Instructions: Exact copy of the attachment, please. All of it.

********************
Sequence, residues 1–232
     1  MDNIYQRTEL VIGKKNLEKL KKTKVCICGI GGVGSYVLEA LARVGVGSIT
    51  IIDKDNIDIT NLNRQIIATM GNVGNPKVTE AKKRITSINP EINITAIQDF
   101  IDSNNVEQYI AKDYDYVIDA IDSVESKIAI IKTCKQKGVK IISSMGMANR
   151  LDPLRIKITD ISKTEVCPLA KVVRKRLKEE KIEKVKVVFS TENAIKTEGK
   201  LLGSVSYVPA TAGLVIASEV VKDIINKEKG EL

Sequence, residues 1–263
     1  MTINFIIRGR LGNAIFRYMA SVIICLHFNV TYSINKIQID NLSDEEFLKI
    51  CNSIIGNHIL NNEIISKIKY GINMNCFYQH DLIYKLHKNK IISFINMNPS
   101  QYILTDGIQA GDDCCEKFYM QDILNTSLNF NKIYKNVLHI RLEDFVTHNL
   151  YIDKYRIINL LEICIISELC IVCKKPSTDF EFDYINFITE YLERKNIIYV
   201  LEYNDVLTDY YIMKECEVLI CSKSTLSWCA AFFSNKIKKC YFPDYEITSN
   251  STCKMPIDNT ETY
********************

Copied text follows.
Sequence, residues 1–232
     1  MDNIYQRTEL VIGKKNLEKL KKTKVCICGI GGVGSYVLEA LARVGVGSIT
    51  IIDKDNIDIT NLNRQIIATM GNVGNPKVTE AKKRITSINP EINITAIQDF
   101  IDSNNVEQYI AKDYDYVIDA IDSVESKIAI IKTCKQKGVK IISSMGMANR
   151  LDPLRIKITD ISKTEVCPLA KVVRKRLKEE KIEKVKVVFS TENAIKTEGK
   201  LLGSVSYVPA TAGLVIASEV VKDIINKEKG EL

Sequence, residues 1–263
     1  MTINFIIRGR LGNAIFRYMA SVIICLHFNV TYSINKIQID NLSDEEFLKI
    51  CNSIIGNHIL NNEIISKIKY GINMNCFYQH DLIYKLHKNK IISFINMNPS
   101  QYILTDGIQA GDDCCEKFYM QDILNTSLNF NKIYKNVLHI RLEDFVTHNL
   151  YIDKYRIINL LEICIISELC IVCKKPSTDF EFDYINFITE YLERKNIIYV
   201  LEYNDVLTDY YIMKECEVLI CSKSTLSWCA AFFSNKIKKC YFPDYEITSN
   251  STCKMPIDNT ETY